Chile's Lapostolle Expands Luxury Legacy with 2 Piscos

Lapostolle launches of its first pisco range.  It features two unique expressions, Pisco Blanco and Pisco XO. The newly released spirits are now available in the U.S. through Winebow Imports.

Lapostolle’s piscos were created to honor Jean Baptiste Lapostolle, who founded the acclaimed fruit liqueur distillery, Lapostolle, over 195 years ago in the small French village of Neauphle-le-Château. The distillery earned an outstanding reputation and later became the creator of the iconic Grand Marnier brand. The Lapostolle legacy expanded into the New World when the sixth-generation Alexandra Marnier Lapostolle and her husband Cyril de Bournet established the prestigious Lapostolle winery in 1994 in Chile’s Apalta Valley. With the launch of the two piscos, the Lapostolle family, led by seventh-generation Charles de Bournet, is excited to embark on a new journey that honors their heritage by producing world-class wines and spirits that are French in essence and Chilean by birth.

“We created our new pisco range to honor the origins of our family’s legacy. Lapostolle established its name as the most respected and pioneering wine and spirits producers in 1827 beginning with my late ancestor’s distillery,” said de Bournet, CEO of Domaines Bournet-Lapostolle. “It was a natural decision to further grow our brand by creating these two pisco expressions that reflect Chile’s exceptional terroir.”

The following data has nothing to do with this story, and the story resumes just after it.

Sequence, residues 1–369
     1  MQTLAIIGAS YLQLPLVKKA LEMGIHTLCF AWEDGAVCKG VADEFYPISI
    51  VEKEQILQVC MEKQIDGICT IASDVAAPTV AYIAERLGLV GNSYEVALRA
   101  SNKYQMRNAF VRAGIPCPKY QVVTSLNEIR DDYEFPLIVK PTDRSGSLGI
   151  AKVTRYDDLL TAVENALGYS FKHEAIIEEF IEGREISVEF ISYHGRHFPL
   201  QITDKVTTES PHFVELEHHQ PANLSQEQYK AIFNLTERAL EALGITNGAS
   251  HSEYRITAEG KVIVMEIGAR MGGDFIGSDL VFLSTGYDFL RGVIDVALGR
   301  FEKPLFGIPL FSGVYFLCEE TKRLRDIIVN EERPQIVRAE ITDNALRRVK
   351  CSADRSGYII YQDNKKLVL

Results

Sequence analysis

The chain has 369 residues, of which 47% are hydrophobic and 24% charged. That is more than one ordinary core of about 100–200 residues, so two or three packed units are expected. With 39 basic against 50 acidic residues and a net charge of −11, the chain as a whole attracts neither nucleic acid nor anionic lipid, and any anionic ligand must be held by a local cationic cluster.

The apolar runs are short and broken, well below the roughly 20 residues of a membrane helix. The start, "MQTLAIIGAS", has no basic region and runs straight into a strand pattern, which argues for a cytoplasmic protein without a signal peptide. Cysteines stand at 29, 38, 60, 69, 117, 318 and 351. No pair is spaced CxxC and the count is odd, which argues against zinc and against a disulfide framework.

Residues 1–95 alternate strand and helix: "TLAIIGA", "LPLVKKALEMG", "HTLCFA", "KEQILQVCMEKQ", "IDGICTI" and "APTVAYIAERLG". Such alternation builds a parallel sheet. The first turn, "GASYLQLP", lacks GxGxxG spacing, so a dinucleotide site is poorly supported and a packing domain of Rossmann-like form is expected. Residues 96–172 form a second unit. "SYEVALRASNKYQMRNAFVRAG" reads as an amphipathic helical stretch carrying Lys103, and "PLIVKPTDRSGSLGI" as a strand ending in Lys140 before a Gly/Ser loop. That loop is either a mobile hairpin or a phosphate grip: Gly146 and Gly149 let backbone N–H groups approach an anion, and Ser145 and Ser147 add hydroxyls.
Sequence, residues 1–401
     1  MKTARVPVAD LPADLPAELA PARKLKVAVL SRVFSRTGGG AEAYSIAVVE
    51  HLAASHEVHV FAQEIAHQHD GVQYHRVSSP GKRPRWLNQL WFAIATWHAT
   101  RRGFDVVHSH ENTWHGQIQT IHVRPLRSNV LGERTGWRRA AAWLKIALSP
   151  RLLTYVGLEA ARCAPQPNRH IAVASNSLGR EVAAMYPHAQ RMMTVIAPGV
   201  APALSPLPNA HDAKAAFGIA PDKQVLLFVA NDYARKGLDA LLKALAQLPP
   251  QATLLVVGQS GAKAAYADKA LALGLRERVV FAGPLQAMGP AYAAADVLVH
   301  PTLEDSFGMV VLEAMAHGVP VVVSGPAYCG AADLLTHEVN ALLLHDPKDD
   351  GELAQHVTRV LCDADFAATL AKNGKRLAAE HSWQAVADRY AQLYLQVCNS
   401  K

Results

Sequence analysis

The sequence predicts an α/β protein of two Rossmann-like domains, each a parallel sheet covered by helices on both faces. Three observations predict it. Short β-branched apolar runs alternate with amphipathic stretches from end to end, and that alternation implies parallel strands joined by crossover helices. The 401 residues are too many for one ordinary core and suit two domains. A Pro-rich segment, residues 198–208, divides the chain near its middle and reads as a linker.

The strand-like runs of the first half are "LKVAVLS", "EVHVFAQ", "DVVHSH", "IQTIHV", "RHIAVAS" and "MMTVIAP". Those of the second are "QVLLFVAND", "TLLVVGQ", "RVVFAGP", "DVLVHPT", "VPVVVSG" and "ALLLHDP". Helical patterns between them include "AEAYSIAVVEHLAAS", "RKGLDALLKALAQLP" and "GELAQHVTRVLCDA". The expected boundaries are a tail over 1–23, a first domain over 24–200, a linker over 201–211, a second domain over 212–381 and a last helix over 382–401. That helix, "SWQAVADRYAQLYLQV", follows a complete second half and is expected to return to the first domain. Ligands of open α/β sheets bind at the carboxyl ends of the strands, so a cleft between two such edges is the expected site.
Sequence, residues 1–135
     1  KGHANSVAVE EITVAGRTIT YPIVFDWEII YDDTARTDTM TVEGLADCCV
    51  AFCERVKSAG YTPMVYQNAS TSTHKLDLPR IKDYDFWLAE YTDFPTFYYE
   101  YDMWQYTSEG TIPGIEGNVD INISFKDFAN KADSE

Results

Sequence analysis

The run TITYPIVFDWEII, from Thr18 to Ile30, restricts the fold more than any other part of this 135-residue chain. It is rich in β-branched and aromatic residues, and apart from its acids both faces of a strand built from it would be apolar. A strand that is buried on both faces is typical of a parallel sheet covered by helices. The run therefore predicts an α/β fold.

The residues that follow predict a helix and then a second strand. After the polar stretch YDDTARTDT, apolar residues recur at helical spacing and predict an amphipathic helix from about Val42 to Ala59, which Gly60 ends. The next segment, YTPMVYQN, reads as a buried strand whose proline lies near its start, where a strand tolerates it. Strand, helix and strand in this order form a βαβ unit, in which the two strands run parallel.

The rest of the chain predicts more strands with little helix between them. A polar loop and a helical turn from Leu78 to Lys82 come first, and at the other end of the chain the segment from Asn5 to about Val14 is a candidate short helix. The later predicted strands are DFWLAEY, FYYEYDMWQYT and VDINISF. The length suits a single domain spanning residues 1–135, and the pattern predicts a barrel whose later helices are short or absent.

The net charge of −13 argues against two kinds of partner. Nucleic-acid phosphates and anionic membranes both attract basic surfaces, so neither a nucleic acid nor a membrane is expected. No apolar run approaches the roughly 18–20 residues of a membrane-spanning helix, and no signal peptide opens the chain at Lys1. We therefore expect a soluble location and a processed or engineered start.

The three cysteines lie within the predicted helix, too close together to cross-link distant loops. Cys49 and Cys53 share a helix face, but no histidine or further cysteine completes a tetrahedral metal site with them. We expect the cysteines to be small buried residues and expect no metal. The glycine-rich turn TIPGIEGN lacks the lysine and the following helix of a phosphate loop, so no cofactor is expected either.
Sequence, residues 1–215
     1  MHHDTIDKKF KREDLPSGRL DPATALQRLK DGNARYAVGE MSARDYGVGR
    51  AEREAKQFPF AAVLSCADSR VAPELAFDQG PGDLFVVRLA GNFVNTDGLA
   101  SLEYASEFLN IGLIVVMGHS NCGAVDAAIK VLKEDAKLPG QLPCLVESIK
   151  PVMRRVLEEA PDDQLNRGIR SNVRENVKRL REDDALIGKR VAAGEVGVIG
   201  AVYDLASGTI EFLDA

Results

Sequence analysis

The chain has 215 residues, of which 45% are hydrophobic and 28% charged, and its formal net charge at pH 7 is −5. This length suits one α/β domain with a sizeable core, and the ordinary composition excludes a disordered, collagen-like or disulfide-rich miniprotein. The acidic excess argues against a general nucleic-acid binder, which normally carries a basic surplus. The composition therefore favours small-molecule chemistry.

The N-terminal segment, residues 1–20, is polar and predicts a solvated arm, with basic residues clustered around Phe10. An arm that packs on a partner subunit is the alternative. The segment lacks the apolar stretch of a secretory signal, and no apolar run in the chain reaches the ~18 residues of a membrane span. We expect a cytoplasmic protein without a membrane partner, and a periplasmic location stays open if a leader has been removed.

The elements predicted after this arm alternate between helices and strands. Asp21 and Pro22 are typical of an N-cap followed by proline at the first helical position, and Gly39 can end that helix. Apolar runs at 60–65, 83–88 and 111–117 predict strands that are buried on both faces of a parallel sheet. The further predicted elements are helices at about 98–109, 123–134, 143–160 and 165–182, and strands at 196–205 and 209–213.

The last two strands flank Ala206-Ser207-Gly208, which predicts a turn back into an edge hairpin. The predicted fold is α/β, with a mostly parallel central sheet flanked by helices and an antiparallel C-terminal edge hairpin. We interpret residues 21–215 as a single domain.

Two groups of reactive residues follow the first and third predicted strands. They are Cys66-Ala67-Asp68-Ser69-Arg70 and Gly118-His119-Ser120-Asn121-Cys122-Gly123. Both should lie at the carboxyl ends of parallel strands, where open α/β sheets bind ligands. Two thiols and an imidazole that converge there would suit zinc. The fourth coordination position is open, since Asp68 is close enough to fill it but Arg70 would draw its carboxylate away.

Lapostolle Pisco Blanco ($35) and Pisco XO ($45) use the most bold and aromatic Muscat grape varieties, Pink Muscat (Rosado) and Muscat of Alexandria, whose aromas and textures complement each other perfectly. The grapes are sourced exclusively from the Elqui and Limari Valleys, located within the northern part of Chile, maximizing the complexity of source material for distillation, then grown on traditional Spanish “parrones” from varying elevations, soils and microclimates.

“Our goal was to craft a high-quality spirit that reflects our generations of winemaking and distilling expertise,” continued de Bournet. “The distillation process was adapted from the same method used to create Cognac. We imported the same state-of-the-art copper alembic still and produced our pisco from small batches of wine. The result is exceptional alcohol that preserves the aromas of the Muscat grapes.”